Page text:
1996 – 1997 – A new wing is added to the shelter to house puppies. New cages are purchased and heat added.

2012 – HSJC added a building to house cats as well as a separate room for a community cat room

2014 – HSJC purchased 6 new kennels, dog beds, and a storage building thanks to generous donors.

2017 – Purchased a new facility and began renovations.

Early 2018 – HSJC gives up county contract

March 2018 – Closed at our previous location and began the moving process to our new facility.

July 2018 – Re-opened at our new location in Dandridge. Now operating as a private, limited intake, No-Kill organization funded only with donations/grants.

Board of Directors

The Board of Directors for 2018/2019 are:

Officers:
President – Scott Lubas
Vice President – Roxanne Dunlap
Secretary – Shirley Hammond
Treasurer -Hillary Combs

At Large:

Janet Lubas

Dave Ventieri

Sigrid Yancey

2017/2018 Year in review

Facility

  • We continued to maintain our previous building throughout 2017 and in March of 2018 vacated that location and began renovating our new facility located at 822 Epco Drive in Dandridge, TN.

Operations/Public Relations

  • We participated in increasing numbers of adoption events throughout the community and surrounding areas
  • Our social media presence continued to evolve
  • We increased our participation in rescue transport to northern states
  • We hosted CLAWS & PAWS spay/neuter clinics 2-3 times a month (helping to increase the number of animals spayed/neutered in Jefferson county and surrounding areas).
  • We assisted financially for those in need to spay/neuter their pets
  • We continue to assist the community with pet food through our pet food pantry.
  • We continued to have adoption ads in the Standard Banner newspaper
  • Our donation boxes in the community continued to do well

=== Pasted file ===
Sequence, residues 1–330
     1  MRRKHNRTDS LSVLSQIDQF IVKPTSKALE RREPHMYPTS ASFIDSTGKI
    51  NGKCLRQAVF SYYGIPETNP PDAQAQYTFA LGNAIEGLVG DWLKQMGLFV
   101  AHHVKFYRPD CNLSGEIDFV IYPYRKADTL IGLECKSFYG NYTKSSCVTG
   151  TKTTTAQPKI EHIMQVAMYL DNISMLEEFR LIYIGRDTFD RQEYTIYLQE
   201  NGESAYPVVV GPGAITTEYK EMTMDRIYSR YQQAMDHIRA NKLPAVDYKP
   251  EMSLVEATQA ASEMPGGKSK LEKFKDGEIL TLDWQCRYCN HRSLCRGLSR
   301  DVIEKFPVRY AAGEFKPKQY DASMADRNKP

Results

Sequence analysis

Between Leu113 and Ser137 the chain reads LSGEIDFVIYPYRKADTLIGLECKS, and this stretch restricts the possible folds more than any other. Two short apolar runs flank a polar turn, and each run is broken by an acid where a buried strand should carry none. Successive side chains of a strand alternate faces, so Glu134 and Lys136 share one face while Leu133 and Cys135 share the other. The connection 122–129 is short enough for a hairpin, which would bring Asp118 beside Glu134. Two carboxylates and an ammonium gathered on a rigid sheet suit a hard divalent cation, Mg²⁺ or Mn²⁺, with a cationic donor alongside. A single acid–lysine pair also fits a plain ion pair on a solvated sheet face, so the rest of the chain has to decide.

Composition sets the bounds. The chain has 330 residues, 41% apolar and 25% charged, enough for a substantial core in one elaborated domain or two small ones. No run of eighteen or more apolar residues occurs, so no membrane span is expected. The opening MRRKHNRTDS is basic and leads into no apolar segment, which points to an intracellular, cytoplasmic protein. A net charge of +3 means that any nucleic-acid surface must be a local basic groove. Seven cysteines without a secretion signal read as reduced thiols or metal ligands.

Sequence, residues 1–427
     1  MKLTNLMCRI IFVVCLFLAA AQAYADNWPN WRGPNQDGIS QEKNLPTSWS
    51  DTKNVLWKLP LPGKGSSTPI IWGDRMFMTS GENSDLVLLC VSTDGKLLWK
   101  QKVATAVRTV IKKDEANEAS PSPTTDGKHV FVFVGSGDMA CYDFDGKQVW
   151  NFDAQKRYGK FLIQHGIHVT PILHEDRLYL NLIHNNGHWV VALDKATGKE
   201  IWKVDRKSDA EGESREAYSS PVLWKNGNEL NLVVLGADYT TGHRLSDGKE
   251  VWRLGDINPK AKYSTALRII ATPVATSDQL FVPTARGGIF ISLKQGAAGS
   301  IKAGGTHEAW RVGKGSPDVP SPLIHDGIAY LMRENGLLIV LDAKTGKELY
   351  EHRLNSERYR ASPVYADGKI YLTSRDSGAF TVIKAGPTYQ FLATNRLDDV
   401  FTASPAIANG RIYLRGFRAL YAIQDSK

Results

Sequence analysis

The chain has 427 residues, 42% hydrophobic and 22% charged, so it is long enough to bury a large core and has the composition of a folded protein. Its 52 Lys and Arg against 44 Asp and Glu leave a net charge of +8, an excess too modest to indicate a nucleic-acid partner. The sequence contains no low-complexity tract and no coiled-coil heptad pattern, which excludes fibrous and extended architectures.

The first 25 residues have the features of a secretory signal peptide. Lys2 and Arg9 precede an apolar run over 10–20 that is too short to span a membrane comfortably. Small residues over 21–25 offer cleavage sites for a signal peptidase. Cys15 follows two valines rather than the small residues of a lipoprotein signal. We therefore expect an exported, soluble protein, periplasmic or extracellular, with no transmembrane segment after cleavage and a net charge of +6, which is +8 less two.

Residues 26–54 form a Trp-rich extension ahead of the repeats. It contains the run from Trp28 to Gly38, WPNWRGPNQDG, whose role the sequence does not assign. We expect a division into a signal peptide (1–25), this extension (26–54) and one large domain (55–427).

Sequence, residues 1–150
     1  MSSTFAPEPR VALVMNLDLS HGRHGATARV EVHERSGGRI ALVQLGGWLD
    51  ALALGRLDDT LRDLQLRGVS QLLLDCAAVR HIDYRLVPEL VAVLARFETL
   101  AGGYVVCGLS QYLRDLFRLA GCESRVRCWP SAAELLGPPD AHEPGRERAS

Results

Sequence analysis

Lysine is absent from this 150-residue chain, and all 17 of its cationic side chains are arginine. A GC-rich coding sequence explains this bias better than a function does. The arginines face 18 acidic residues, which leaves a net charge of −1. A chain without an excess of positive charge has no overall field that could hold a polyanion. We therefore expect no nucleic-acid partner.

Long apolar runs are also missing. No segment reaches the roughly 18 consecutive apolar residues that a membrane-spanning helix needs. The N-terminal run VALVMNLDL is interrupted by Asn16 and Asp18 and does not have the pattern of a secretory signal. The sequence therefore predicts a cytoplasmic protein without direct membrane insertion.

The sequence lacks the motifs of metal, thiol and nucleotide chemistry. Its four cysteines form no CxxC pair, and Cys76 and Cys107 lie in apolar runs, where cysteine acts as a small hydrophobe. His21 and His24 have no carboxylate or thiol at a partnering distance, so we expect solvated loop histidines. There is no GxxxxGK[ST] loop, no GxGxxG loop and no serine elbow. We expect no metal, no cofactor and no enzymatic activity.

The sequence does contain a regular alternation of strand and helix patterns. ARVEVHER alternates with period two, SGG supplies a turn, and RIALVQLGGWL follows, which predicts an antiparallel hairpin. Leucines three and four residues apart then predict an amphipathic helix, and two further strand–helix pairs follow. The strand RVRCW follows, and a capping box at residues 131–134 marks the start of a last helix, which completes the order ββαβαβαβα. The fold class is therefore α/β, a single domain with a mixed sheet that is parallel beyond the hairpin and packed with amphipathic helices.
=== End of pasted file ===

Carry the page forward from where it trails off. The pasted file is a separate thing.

• We provided speakers whenever we could to further educate the public about our services

What is encouraging is most, if not all, improvements were either donated, provided at a reduced cost or made possible by continued community support.

Shelter Statistics

INTAKE

      • 09/10: 3545
      • 2011: 3674
      • 2012: 2959
      • 2013: 3079
      • 2014: 3161
      • 2015: 3195
      • 2016: 2819
      • 2017: 3179

*Spay/Neuter can help lower these numbers*

    • *HSJC served the Jefferson County Animal Control contract and operated as an open intake shelter in 2017.

      2017: 3179 animals taken in
      1210 adopted out (160 of which were returned to owner)
      1325 euthanized (HSJC had to practice euthanasia as it was a full intake shelter under Jefferson County contract)

      *HSJC gave up the Jefferson County Animal Control contract in early 2018 and now operates as a private, limited intake, no-kill facility.

    • 2018 January – March (at previous location)

      276 animals taken in

      192 adopted out

      71 Out to Rescue/Transport

    • 13 euthanized due to animals being injured or sick beyond medical repair under Veterinary recommendation.
  •            2018 Intake/Adoptions since re-opening (operating as a private, limited intake, no kill facility)
  •            185 animals taken in
  •            149 adopted out
  •            32 in house/foster
  •            2 Out to Rescue
  •            2 return to owner
  •            0 euthanized